We have reached the point where highly connected cyber-physical systems are the norm, and the lines between information technology (IT) and operational technology (OT) are blurred. These systems are connected to and managed from the cloud to fine-tune performance, provide data analytics, and ensure the integrity of critical infrastructure across all sectors. Attacking OT systems presents a major threat not only to business disruption, but also to national economy and security. Identity and access management can play an essential role into strengthening the security posture of critical infrastructure.
The threat landscape
According to Interpol's Internet Organised Crime Threat Assessment report, critical infrastructure is highly targeted by ransomware gangs that are after what is called the Big Game Hunting. Critical infrastructure and OT systems are perceived as high-value targets by ransomware groups as well as nation-state actors with geopolitical motives.
As criminals are embracing business models becoming Ransomware as a Service (RaaS) organizations, it is important to understand their “modus operanti.” For example, an important finding from the Conti leak was the common reliance of ransomware threat actors on Active Directory for lateral movement within the network using privileged credentials. This should be a focus area for organizations to improve their defensive tactics, such as ensuring secure credentials and removing unnecessary privileged accounts.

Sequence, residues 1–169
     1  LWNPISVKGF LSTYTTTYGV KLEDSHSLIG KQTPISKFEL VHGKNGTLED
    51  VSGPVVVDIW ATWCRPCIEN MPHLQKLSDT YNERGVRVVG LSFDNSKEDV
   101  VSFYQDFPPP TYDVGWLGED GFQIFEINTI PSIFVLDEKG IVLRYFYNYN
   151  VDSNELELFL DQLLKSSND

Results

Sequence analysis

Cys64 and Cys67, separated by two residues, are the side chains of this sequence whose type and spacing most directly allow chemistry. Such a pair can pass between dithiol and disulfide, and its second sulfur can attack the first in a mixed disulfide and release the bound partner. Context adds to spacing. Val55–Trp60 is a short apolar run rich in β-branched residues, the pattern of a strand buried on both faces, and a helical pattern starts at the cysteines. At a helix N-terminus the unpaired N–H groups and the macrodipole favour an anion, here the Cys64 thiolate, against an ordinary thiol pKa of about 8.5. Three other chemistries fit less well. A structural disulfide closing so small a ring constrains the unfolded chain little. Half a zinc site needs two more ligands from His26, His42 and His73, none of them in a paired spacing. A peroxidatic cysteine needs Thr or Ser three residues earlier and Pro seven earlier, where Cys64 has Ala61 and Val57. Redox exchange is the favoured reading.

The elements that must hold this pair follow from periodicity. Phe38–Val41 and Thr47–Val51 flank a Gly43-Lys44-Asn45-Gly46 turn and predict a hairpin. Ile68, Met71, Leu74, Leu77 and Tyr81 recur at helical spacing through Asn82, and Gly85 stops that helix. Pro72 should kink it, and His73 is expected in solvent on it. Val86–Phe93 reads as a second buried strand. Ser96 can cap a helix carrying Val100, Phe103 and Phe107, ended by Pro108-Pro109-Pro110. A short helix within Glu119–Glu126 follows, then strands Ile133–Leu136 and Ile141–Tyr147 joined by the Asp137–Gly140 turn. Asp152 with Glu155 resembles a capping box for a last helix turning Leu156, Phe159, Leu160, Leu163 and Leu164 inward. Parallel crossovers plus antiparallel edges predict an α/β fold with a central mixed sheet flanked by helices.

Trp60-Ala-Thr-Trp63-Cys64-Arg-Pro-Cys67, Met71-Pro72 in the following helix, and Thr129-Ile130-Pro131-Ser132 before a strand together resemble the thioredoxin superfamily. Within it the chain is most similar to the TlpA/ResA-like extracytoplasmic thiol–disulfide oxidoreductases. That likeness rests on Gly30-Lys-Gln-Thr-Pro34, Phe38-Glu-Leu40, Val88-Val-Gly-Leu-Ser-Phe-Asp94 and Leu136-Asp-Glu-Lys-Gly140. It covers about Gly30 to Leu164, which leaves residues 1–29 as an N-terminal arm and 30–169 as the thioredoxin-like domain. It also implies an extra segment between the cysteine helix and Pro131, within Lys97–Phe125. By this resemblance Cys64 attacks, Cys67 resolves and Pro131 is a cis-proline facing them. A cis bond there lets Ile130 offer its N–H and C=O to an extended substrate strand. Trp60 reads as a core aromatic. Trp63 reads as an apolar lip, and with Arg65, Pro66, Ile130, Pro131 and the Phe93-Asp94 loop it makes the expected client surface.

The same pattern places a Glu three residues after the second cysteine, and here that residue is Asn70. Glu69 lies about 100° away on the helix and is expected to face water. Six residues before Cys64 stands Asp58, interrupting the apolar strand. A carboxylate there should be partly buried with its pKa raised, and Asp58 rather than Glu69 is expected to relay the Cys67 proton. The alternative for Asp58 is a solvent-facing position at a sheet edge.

Although the attack against Colonial Pipeline deservedly gained news attention, ransomware attacks have increasingly disrupted the sectors of food, healthcare and transportation.
Attacks against the food sector
In September 2021, the FBI’s Cyber Division released a summary of five major attacks against the industry in the prior year, including JBS, a global food processor and meat supplier that paid an $11 million ransom to REvil. In the same month, BlackMatter attacked NEW Cooperative, an Iowa-based food distributor. NEW Cooperative refused to pay the $5.9 million ransom fee and opted to take their systems offline. This is certainly an option for organizations with well-defined backup and remediation processes.
In August 2021, a ransomware attack on Scripps Health in California resulted in over $113 million in losses. This included $91.6 million in lost revenue over the four-week recovery period. In October 2021, CISA, the FBI, and the Department of Health and Human Services (HHS) issued a joint alert on ransomware activity targeting the healthcare and public health sector. The alert detailed cyber threats which can lead to ransomware, data theft and disruption of healthcare services. However, and despite receiving notable attention, only 56% of healthcare companies have formal ransomware response plans, reports the Thales 2022 Data Threats Report.
According to a Check Point study, the industry experienced a 186% increase in weekly ransomware attacks between June 2020 and June 2021. In November 2021, the Transportation Safety Authority (TSA) and Department of Homeland Security (DHS) issued two security directives for the rail transportation sector to implement an array of countermeasures to prevent disruption.